Saturday, August 30, 2008

A Closer Look at Dallas Buck

Oddly enough, Dallas Buck's baseball skills may be best defined by his time playing a different sport. Buck attended Oregon State and spent two years playing defensive back and special teams for the Beaver football team. That speaks to both his athleticism and his mindset, which carries over to the diamond.


Buck had a very good career at Oregon State, but his junior season was hampered by an arm injury. Buck still maintains the football player mentality and refused to shut it down, as he did not want to let his teammates down in their quest for a College World Series Championship. He battled through the season and maintained a high level of performance despite diminished velocity.

The diminished velocity and fear of injury caused a hit on his draft status, as he was a projected first round pick before his junior year. The Diamondbacks selected Buck in the third round (two picks after the Reds selected Chris Valaika) and a subsequent physical exam uncovered the expected injury: a partial tear in the ulnar collateral ligament. Buck was likely to need Tommy John surgery before ever throwing a professional pitch.


Despite the likelihood that surgery would be necessary, the Diamondbacks agreed to let Buck attempt to rehab the injury. In 2007, Buck started out his professional career at high-A ball, where he posted a respectable 3.41 ERA, 1.18 WHIP, 2.9 BB/9, and 8.1 K/9 in 97.2 innings. He also demonstrated impressive groundball tendencies, as he posted a GB/FB ratio of 2.28.

Ultimately, he had to shut it down after 16 starts and undergo Tommy John Surgery in August. Buck made a fairly quick recovery and has already logged 63.2 innings in 2008. In that span, Buck has posted a 3.68 ERA, 1.12 WHIP, 37/15 K/BB ratio, and a stellar 2.23 GB/FB ratio.

After his acquisition, the Reds sent Buck to high-A Sarasota, where he has posted a 4.15 ERA, 1.00 WHIP, 9/4 K/BB ratio, and 4.00 GB/FB ratio in 13.0 innings.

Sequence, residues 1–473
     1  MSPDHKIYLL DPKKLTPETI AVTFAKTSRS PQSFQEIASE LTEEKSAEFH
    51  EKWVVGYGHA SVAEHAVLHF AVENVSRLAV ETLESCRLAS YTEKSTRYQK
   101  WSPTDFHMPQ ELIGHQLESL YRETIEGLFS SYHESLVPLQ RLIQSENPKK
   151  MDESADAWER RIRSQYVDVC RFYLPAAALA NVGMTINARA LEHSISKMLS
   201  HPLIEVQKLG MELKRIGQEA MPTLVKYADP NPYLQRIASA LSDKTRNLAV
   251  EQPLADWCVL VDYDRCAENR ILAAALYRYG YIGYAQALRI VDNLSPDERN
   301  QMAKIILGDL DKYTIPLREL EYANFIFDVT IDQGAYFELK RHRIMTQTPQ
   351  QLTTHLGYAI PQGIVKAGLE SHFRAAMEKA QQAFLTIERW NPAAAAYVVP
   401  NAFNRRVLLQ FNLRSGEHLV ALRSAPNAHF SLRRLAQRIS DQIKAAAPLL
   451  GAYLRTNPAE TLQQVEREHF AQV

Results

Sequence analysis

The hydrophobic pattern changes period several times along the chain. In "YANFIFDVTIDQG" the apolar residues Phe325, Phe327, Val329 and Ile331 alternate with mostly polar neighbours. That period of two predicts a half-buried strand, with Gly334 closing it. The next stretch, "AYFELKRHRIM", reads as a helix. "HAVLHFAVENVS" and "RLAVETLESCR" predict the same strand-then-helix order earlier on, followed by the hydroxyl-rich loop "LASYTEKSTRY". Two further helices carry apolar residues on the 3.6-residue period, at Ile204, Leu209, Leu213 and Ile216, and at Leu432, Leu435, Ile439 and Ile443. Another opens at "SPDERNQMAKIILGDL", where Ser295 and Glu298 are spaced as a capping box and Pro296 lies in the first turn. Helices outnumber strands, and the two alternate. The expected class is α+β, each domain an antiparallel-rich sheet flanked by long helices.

As a sophomore, Buck's fastball sat in the 88-91 range and touched up to 94 on occasions. As a junior, his velocity dropped into the mid-80s, which was a clear sign that he was having arm trouble. However, his fastball has always had very good sink and he uses it to induce a ton of groundballs. Buck also features an average slider and an improving change-up.

In attempting to pitch through the injury in 2007, Buck was working without his good stuff. The UCL tear sapped his velocity and he was only throwing 86-88 mph with a lot of effort. The impressive thing is that despite working without his best stuff, Buck STILL managed to be successful. To me, that signifies an ability to pitch, not just throw. A lot of younger pitching prospects just rely on their pure stuff, but really don't know how to use it. Buck, obviously knows how to pitch. In addition to demonstrating the ability to succeed without his best stuff, Buck actually managed to impress scouts with his change-up.

In 2008, despite being healthy, Buck again is pitching without his best velocity, but again is finding success. The usual rehab time on Tommy John is 10-12 months, but the pitcher often isn't the same until the season after he comes back. So, Buck should finally be at full strength for the first time in his professional career in 2009.